Thirdly, Trump’s callous approach to global warming had worked largely in its favor for China on the global stage. Biden, however, has already stated that the U.S. will be re-joining the Paris Agreement which Trump withdrew from. Climate policy will hence translate into a vital foreign policy tool under Biden – a facet China will view with alarm being the world’s largest carbon emissions emitter. Biden has expressed the opinion that China must stop “outsourcing pollution to other countries by financing billions of dollars’ worth of dirty fossil fuel energy projects through its Belt and Road Initiative” (BRI). Hence, a hint towards a U.S. attack on BRI from the lens of environmental policy at par with economic and security concerns can be expected.
Fourthly, China is most acutely focused on observing Biden’s agenda vis-à-vis the Indo-Pacific, America’s strategic circles have argued that the same is less likely to be altered by the Biden administration. Under Trump, Washington’s focus on the Indo-Pacific region grew tremendously, with the launch of key initiatives such as BDN, Asia EDGE, ITAN and more. However, the absence of the term ‘Indo-Pacific’ from all key documents, essays and op-eds by Biden during his campaign is alarming. Even in his Foreign Affairs magazine essay, while Biden highlighted his approach to U.S. foreign policy, he made no guided statements on how to enact the same or mention the ‘Indo-Pacific.’ China views this with apprehension.
The fact that the Indo-Pacific term is entirely missing is alarming, especially in its absolute nonattendance from reports that was affirmed by the Democratic National Convention on 18 August 2020. Rather, the document does reference the ‘Asia-Pacific.’ Covered in pages 87-89 of the 2020 Democratic Party Platform, the release focused on Washington’s relations with the Asia-Pacific, the requirement for the U.S. to work with its partners and allies and the need to stop Chinese hostility. Overall, the obvious exclusion was the “Indo-Pacific” term. The short sub-section in the last portion of the 91-page document that elaborated on foreign and security strategy is named “Asia-Pacific” and makes the verifiably sketchy statement that India is an “Asia-Pacific” power. On the off chance that the exclusion of the “Indo-Pacific” term is not an oversight and U.S. will be reverting to the pre-Indo-Pacific terminology, it will be a major setback for the Quad 2.0, Indo-Pacific nations and a largely moral boost for Beijing.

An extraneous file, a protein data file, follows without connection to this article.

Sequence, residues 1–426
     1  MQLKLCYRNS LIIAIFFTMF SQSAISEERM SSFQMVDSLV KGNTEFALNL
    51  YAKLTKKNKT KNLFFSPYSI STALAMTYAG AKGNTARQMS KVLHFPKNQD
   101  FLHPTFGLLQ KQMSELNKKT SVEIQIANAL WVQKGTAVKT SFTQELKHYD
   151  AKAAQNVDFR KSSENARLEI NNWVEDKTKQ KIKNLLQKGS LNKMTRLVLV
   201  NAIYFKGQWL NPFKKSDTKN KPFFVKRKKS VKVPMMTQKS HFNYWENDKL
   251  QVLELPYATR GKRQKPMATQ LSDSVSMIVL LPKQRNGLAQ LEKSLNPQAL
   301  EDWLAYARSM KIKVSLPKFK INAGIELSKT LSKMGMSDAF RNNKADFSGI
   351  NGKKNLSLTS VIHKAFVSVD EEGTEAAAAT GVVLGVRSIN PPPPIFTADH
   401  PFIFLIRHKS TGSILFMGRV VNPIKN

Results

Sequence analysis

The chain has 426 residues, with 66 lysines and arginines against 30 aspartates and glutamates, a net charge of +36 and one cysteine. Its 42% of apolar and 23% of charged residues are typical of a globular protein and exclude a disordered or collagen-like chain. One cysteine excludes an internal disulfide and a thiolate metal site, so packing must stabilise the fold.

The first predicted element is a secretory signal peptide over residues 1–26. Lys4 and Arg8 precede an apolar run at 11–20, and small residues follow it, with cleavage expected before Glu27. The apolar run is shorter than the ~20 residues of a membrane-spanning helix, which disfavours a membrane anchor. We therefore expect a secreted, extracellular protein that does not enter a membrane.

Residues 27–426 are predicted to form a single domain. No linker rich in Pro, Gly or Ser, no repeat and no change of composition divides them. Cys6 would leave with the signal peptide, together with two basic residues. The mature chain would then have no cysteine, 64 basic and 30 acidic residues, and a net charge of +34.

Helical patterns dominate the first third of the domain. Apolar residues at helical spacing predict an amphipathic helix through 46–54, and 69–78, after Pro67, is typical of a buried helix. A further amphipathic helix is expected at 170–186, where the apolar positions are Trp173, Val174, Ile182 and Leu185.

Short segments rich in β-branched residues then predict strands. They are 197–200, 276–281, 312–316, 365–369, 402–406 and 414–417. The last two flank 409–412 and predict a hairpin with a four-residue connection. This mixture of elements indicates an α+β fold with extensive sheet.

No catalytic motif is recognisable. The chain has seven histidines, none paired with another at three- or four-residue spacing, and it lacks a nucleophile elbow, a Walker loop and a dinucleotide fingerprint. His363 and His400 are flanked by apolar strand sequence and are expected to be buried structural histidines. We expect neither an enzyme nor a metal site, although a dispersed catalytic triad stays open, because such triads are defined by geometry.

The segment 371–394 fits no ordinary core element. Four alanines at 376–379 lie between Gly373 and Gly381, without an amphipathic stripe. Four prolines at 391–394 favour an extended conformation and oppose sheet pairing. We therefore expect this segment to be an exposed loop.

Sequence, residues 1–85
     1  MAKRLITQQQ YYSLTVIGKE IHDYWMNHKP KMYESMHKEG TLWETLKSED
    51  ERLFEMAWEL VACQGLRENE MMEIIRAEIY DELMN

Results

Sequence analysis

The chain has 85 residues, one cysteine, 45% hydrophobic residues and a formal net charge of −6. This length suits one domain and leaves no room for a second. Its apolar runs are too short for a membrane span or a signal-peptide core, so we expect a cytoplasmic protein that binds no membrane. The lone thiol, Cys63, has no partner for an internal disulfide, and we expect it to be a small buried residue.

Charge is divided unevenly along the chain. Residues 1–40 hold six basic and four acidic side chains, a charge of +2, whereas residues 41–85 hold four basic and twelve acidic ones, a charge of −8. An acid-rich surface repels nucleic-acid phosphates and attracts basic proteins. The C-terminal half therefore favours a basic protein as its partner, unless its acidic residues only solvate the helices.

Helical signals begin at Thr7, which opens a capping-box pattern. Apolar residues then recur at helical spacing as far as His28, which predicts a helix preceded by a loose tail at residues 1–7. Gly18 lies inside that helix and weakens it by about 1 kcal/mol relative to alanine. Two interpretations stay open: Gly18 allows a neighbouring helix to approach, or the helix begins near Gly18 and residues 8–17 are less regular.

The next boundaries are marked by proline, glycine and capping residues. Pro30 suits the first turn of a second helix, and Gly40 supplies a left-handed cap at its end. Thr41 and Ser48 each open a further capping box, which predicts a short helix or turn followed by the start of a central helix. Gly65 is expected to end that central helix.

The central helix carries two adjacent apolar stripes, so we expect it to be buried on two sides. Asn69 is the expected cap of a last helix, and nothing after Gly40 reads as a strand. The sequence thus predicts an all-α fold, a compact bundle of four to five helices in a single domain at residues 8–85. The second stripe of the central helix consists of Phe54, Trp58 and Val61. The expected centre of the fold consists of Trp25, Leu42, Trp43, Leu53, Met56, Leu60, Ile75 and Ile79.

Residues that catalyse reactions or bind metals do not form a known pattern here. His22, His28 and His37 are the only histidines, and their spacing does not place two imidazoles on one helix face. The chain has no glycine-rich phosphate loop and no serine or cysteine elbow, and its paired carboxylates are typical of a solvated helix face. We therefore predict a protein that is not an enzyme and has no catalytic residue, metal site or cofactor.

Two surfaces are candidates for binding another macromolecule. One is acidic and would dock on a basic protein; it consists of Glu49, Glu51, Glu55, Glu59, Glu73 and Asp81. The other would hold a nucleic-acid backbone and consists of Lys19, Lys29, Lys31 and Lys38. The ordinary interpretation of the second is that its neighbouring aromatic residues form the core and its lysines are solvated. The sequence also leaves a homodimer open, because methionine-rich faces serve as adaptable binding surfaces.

Fifthly, highlighting China’s potential expectations via-a-vis the Indo-Pacific under Biden, a Global Times op-ed anticipates a continuation of U.S.’s present Indo-Pacific strategic outlook towards the region as well as China; but, maybe under a different name. As per the Chinese state-run agency, Biden may relaunch a “Rebalance to Asia-Pacific strategy 2.0” or refocus on the Obama time ‘pivot to Asia’ with a focus on the Asia-Pacific. Nonetheless, even under a new name the strategic mentality will likely remain the same. This deduction however may not hold true, as a break away from the term ‘Indo-Pacific’ (which marked a major policy change for the U.S.) might come across as China appeasement and downgrade the efforts India, Japan, Australia and the Quad 2.0 have put over the years for the security of the region. While Biden accused Trump of being “too soft” on China and the nation’s response to COVID-19, as president while domestically his focus on renewed lockdowns to curb spread of the virus may rise, internationally his China policies are unlikely to be too confrontational from the get go. Furthermore, much to China’s favor, with respect to the Quad 2.0 and creation of an ‘Asian NATO’, Biden has been largely mum. Militarization of Quad 2.0 is unlikely to be top-priority for Biden especially if his goal is to strike the beginnings of a balancing strategy with China before the two nations move beyond what strategic circles are calling the ‘new cold war’ and into proper direct conflict, bringing into reality the ‘Thucydides Trap.’